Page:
Di Genova has long been interested in how nanolites form. His experiments using silicon oil—a proxy for basalt, a commonplace runny magma—showed that if just 3 percent of an oil-particle mixture is made of nano-size particles, the viscosity spikes.
He then turned to the real thing. He and his colleagues attempted to simulate what magma would experience as it rose through a conduit to the surface. They subjected lab-melted basaltic rock from Mount Etna to gradual heating, pulses of sudden cooling, hydration, and dehydration. At times, they placed the magma inside a synchrotron, a type of particle accelerator. Within this contraption, powerful x-rays interact with a crystal’s atoms to reveal their properties and—if the crystals are small enough—their existence.
As reported last year in Science Advances, the experiments gave the team a working model of how nanolites form. If an eruption begins and magma suddenly accelerates up through the conduit, it rapidly depressurizes. That lets water come out of the molten rock and form bubbles, which dehydrates the magma.
This action changes the thermal properties of the magma, making it a lot easier for crystals to be present even at extremely high temperatures. If the magma’s ascent is sufficiently rapid and the magma is speedily dehydrated, a cornucopia of nanolites comes into being, which significantly increases the magma’s viscosity.
This change doesn’t give off a noticeable signal. But merely knowing it exists, said Di Genova, may enable researchers to explain why volcanoes with otherwise runny magma, like Vesuvius or Etna, can sometimes produce epic explosions. Seismic signals can trace how quickly magma is ascending, so perhaps that may be used to forecast a last-minute nanolite population boom, one that leads to a catastrophic blast.
These advances aside, scientists are still a long way from replacing eruption probabilities with certainties.
One reason is that “most of the world’s volcanoes are not that well monitored,” said Seth Moran, a research seismologist at the US Geological Survey’s Cascades Volcano Observatory. This includes many of America’s Cascades volcanoes, several of which have a propensity for giant explosions. “It’s not easy to forecast an eruption if there are sufficient instruments on the ground,” said Roman. “But it’s very, very difficult to forecast an eruption if there are no instruments on the volcano.”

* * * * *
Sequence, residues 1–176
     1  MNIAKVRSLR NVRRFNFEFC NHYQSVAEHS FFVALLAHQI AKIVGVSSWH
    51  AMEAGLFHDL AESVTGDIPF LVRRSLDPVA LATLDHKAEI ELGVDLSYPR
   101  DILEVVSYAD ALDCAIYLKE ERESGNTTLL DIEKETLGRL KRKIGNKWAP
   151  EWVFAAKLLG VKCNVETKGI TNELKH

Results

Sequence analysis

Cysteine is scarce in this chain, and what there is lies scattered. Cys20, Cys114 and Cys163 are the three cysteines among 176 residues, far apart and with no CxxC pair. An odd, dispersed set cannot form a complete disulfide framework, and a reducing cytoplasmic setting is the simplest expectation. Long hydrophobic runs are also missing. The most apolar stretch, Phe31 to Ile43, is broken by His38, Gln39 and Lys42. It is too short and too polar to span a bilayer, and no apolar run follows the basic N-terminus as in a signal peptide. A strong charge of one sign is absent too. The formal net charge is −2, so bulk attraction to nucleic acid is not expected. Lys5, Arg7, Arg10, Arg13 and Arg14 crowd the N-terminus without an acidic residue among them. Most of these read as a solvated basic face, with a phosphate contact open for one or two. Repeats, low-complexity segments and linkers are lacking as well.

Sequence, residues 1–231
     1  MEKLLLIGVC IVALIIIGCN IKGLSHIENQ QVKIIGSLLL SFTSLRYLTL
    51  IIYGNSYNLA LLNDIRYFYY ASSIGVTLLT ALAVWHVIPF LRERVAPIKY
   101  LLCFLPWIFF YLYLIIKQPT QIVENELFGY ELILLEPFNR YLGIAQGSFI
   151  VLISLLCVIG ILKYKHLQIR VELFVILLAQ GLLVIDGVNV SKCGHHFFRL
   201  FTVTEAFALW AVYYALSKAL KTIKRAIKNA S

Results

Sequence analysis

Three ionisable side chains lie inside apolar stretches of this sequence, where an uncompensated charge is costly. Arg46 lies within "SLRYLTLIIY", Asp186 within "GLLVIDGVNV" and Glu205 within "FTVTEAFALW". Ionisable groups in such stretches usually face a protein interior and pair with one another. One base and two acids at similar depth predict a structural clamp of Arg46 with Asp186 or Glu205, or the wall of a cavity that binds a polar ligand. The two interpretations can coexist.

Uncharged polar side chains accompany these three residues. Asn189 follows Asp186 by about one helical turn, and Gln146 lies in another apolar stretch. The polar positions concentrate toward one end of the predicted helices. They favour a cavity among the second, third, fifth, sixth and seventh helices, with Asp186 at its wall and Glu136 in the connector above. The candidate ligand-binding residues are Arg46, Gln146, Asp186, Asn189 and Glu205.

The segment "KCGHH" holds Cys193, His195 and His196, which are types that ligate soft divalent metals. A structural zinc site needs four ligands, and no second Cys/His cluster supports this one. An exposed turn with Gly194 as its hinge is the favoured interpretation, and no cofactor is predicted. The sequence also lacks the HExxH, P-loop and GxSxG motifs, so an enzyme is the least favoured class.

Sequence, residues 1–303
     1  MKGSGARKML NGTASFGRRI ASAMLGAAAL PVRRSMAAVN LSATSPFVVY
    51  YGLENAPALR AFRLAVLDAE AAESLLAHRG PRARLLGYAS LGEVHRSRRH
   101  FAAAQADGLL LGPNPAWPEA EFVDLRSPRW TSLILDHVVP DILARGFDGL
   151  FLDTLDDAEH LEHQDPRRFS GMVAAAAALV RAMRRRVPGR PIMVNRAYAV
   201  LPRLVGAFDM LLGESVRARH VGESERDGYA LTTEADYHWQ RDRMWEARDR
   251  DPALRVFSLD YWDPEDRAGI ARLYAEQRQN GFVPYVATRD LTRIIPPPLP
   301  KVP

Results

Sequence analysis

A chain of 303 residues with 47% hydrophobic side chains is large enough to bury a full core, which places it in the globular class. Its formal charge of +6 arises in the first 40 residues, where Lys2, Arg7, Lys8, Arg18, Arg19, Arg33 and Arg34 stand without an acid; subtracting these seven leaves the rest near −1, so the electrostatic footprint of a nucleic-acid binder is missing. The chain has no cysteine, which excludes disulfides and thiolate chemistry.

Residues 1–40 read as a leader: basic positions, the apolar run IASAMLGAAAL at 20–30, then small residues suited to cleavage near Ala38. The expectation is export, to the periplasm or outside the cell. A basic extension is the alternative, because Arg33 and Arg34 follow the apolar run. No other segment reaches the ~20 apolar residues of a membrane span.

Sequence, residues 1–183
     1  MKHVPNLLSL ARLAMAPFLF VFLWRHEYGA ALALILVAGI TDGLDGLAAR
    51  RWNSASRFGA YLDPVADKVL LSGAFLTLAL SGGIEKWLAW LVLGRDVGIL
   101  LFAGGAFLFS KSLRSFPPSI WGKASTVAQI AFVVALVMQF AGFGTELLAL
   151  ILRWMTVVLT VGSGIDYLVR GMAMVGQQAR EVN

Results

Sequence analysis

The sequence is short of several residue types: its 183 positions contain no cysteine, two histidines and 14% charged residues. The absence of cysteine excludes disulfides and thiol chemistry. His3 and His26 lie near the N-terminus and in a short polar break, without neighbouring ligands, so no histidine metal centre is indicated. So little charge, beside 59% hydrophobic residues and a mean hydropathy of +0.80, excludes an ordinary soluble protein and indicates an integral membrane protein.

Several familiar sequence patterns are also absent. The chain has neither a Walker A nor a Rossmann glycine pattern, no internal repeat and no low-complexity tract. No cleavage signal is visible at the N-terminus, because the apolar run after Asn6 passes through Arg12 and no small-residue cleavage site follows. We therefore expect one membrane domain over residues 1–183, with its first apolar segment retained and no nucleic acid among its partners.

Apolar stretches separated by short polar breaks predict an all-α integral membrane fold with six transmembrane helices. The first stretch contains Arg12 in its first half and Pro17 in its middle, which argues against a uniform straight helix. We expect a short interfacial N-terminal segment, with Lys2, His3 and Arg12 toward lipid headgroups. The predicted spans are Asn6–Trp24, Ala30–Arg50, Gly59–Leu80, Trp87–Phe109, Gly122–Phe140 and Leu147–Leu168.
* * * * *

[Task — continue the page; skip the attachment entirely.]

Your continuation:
Another problem is that some eruptions currently have no clear-cut precursors. One notorious type is called a phreatic blast: Magma cooks overlying pockets of water, eventually triggering pressure-cooker-like detonations. One rocked New Zealand’s Whakaari volcano in December 2019, killing 22 people visiting the small island. Another shook Japan’s Ontake volcano in 2014, killing 63 hikers.
A recent study led by Társilo Girona, a geophysicist at the University of Alaska, Fairbanks, found that satellites can detect gradual, year-over-year upticks in the thermal radiation coming off all sorts of volcanoes in the run-up to an eruption. A retrospective analysis showed that such a temperature increase was detected before Ontake’s 2014 phreatic explosion, with a peak around the time of the event.
Perhaps monitoring from space will become the best way to see future phreatic eruptions coming. But so far, no successful long-term forecast of a phreatic eruption has taken place. “Phreatic eruptions are terrifying,” said Jackie Caplan-Auerbach, a volcanologist and seismologist at Western Washington University. “You really don’t know they’re coming.”
It’s not just explosions that can prove tricky to forecast. Nyiragongo, a mountainous volcano in the Democratic Republic of Congo, suddenly erupted on May 22 of this year, spilling fast-moving lava toward the city of Goma. Despite being monitored, the volcano gave no clear warning it was about to erupt, and several people perished.
And no matter what type of eruption you are forecasting, the price of a false positive is crippling. “When you evacuate people and nothing happens, then the next evacuation is going to be orders of magnitude more difficult to get people to take seriously,” said Roman.
But there are reasons to be optimistic. Scientists are grasping the physics underlying all volcanoes better than ever. Individual volcanoes are also becoming more familiar because of “a mixture of instinct and experience and learned knowledge,” said David Pyle, a volcanologist at the University of Oxford. Soon, he predicts, machine learning programs, capable of identifying patterns in data faster than any human, will become a major player.
Certainty in eruption forecasting—the if, when or how—will probably never come to pass. But day by day, the potentially deadly fog of uncertainty dissipates a little more, and someone who would have died a few decades ago during an eruption now gets to live.
Original story reprinted with permission from Quanta Magazine, an editorially independent publication of the Simons Foundation whose mission is to enhance public understanding of science by covering research developments and trends in mathematics and the physical and life sciences.